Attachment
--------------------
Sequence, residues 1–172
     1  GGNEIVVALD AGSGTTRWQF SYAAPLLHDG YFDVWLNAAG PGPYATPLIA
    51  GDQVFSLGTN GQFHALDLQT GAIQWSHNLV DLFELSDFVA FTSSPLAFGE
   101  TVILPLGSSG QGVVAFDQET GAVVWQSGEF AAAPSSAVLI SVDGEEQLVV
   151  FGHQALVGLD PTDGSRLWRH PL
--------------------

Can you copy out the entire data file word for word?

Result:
Sequence, residues 1–172
     1  GGNEIVVALD AGSGTTRWQF SYAAPLLHDG YFDVWLNAAG PGPYATPLIA
    51  GDQVFSLGTN GQFHALDLQT GAIQWSHNLV DLFELSDFVA FTSSPLAFGE
   101  TVILPLGSSG QGVVAFDQET GAVVWQSGEF AAAPSSAVLI SVDGEEQLVV
   151  FGHQALVGLD PTDGSRLWRH PL